The U. S. auto industry's share of the market has experienced fluctuations over the past 50 years. These fluctuations have been caused by many reasons, but some of the main reasons include quality, price, and foreign competition.
The Ford Motor Company, General Motors Company, and the Chrysler Corporation, a.k.a. "The Big Three", are the three largest manufacturers of automobiles in the world. " The Big Three" hold nearly 75% of the market and produce over 8 million automobiles per year. The largest competitors of " The Big Three" are Japanese auto producers that include Toyota, Nissan, and Honda. These three foreign manufacturers hold 20% of the market and produce about 2.7 million automobiles per year.
General Motors Company, the world's largest automobile producer, originally was composed of four major vehicle manufacturers- Buick, Cadillac, Oldsmobile, and Oakland which became Pontiac. Presently, General Motors is made up of Buick, Cadillac, Oldsmobile, Chevrolet, Pontiac, and Saturn. During the first thirty years of operation GM's only major competition was from U. S. manufacturers. However, since the first foreign truck was imported from Japan in 1956, GM's share of the market began to decline. Foreign cars were smaller, more fuel efficient, less expensive, and often more reliable than their American counterparts. General Motor's market share dipped from nearly 44% in 1973 to below 30% in 1985. In response to this sudden drop in its share of the market GM founded the Saturn Company. Saturn produces compact cars very similar to Japanese imports at competitive prices. This response halted GM's declining share of the market. Today, General Motors maintains about 30% of the market.
General Motors was the first large auto company to begin research on alternative fuel sources and continues to lead the way. Some developments of this research include the first production natural gas engine, and the first car powered completely by electricity. Many ideas are still in the process of being developed, such as affordable solar powered vehicles and ultralight plastic body parts.
The Ford Motor Company, founded in 1903 by Henry Ford, was the largest car manufacturer in the world until 1929 when GM passed it. Ford is currently the second largest producer of automobiles in the world producing over 5 million cars per year and holding 25% of the market. In the late 1970s and early 80s when its share of the market was being taken over by foreign auto companies, Ford's response was different than that of GM's. Ford decided to buy small foreign companies and convert them to Ford production facilities. This would enable Ford to increase its share of the market in Europe and Asia. Also, this would allow Ford to avoid high tariffs placed on foreign cars in China and Japan.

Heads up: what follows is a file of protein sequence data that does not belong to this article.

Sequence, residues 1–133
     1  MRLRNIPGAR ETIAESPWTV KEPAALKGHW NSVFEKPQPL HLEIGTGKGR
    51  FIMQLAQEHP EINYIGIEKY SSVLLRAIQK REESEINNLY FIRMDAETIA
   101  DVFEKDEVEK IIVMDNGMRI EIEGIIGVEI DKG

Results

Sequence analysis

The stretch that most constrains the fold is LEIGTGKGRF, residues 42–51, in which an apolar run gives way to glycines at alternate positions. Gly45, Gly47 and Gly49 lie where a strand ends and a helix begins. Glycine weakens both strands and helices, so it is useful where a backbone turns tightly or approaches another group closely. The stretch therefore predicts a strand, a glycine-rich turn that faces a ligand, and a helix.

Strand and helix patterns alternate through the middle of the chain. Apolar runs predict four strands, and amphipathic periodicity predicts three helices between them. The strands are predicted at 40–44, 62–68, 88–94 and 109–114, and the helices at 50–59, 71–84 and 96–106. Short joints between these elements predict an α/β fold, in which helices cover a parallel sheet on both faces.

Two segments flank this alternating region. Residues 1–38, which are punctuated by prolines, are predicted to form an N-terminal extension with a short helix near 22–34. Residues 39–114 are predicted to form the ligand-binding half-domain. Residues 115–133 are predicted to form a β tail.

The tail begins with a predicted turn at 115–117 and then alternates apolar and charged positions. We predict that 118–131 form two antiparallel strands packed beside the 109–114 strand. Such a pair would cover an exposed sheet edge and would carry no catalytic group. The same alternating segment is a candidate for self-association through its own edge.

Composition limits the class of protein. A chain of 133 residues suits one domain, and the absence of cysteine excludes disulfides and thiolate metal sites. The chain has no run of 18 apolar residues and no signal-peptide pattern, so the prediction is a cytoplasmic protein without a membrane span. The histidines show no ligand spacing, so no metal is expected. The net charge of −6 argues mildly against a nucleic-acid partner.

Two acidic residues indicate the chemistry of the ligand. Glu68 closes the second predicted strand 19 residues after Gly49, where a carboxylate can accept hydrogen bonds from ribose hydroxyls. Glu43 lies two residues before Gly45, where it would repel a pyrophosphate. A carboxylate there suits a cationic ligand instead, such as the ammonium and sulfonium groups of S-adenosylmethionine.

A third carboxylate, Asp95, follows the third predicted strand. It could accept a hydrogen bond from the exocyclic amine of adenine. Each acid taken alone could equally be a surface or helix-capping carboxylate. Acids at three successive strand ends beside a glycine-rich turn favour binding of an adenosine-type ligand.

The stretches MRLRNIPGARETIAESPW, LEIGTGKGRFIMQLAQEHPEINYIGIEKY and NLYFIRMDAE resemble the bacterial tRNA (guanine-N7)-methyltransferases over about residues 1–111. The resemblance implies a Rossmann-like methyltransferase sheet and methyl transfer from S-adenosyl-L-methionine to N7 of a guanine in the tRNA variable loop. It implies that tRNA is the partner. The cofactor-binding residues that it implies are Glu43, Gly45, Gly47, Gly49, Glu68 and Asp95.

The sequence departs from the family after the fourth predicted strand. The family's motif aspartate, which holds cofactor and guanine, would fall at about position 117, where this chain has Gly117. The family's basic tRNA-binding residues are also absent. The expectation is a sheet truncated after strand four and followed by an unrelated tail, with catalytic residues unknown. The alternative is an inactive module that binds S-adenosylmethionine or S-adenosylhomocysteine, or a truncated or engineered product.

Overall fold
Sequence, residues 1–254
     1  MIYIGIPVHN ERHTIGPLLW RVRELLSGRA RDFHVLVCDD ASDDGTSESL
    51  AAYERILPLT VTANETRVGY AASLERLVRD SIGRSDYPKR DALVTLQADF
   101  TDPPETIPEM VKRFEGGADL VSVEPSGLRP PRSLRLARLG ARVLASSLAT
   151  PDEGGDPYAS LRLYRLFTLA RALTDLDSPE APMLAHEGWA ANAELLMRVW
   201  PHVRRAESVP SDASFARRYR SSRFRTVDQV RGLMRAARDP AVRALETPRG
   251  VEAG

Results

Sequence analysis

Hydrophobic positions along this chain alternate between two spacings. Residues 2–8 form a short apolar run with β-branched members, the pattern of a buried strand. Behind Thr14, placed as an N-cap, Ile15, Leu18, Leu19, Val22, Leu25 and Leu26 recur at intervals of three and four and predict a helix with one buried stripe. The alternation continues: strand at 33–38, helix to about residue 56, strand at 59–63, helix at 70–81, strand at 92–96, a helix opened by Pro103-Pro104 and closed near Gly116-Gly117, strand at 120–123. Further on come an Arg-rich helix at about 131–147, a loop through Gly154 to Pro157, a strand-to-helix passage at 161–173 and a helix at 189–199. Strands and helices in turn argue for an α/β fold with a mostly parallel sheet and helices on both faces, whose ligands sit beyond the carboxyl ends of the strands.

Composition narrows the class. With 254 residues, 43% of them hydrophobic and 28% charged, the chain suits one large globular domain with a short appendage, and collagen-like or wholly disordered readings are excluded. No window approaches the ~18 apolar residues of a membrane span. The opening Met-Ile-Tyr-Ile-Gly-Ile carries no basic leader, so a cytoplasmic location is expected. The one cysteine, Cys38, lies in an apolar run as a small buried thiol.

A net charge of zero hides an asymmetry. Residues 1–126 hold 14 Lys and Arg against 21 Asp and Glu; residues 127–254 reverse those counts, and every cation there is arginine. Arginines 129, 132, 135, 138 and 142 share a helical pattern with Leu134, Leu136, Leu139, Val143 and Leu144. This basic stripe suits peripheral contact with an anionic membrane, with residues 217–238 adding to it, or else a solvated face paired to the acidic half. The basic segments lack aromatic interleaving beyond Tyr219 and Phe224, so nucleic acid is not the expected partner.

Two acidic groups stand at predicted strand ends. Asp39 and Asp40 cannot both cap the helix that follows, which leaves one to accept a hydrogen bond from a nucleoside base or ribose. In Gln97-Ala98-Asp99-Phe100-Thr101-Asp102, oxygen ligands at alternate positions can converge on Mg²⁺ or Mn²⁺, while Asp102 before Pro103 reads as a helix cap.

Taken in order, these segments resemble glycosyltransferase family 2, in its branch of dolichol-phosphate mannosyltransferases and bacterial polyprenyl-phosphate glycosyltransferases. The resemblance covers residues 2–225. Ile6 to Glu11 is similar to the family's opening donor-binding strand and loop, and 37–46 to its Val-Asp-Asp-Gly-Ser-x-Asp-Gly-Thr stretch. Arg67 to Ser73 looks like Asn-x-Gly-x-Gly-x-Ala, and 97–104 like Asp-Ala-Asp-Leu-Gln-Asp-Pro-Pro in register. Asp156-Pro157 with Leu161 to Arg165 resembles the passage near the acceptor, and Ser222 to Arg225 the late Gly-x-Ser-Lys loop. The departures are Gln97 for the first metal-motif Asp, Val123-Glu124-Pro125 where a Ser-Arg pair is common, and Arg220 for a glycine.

Ford motor company currently employs over 300,000 workers world-wide. In January of 1996, Ford merged its North American, South American, Asia-Pacific, European, and African Automotive Operations into a single organization, Ford Automotive Operations. This merger cut back on costs of developing new cars because now instead of five different organizations working on the same project only one organization would work on it. This decreased the amount of time and labor needed to improve or design new cars. In return the price of Ford products declined, resulting in more sales.
Another approach of Ford was to enter joint-ventures with foreign companies. Through these joint-ventures the foreign companies would produce and assemble Ford automobiles for sale in that country.
Ford is trying to assure future sales by researching vehicles that contain plastics that can be recycled into common materials. Also, Ford is currently working with the U. S. Department of Energy to develop alternative fuels, such as electricity, methanol/ethanol, natural gas and solar energy.
The third member of the " Big Three", the Chrysler Corporation, was founded in 1921 when the Maxwell Motor Company failed and Walter P. Chrysler reorganized it. Chrysler was able to capture its share of the market when it acquired Dodge Brothers, Inc. and when Ford stopped production in 1927 to switch from producing the Model T to producing the Model A. During the 1950 and 60s Chrysler took over the operations of several small companies in France, Spain, and Britain. This enabled Chrysler to begin selling cars in Europe and compete with Ford and GM on foreign markets. In 1970, Mitsubishi Motors of Japan began producing compact cars under the Chrysler name to be sold in the United States. This led to a rise in Chrysler's share of the market until the early 80s when Mitsubishi began using its own name. To counter this move Chrysler formed a joint-venture with Renault of France to produce compact cars. Then in 1987 Chrysler purchased the Italian company, Nuova Automobili F. Lamborghini, maker of expensive sports cars. Chrysler also purchased the American Motors Corporation, the maker of Jeep products. These purchases increased Chrysler's share of the market from 11% to 16.3% and continuing to rise. Chrysler produces nearly 3 million automobiles a year under the Chrysler, Dodge, Plymouth, Jeep, and Eagle names.
Chrysler is also in the process of producing alternative fuel cars. These include vehicles powered by electricity, liquefied natural gas, and gasoline-methanol mixture.
The future share of the market for the " Big Three" should remain steady or even increase. Today, the " Big Three" is able to produce top-of-the-line, fuel efficient, affordable cars to compete with imports. The " Big Three" also leads the way in research on alternative fuels and designs that will make automobiles more efficient and less polluting. In conclusion, the United States automobile industry, which pioneered processes and technology in the early 1900s, has returned as the leader and will lead the auto industry into the 21st century.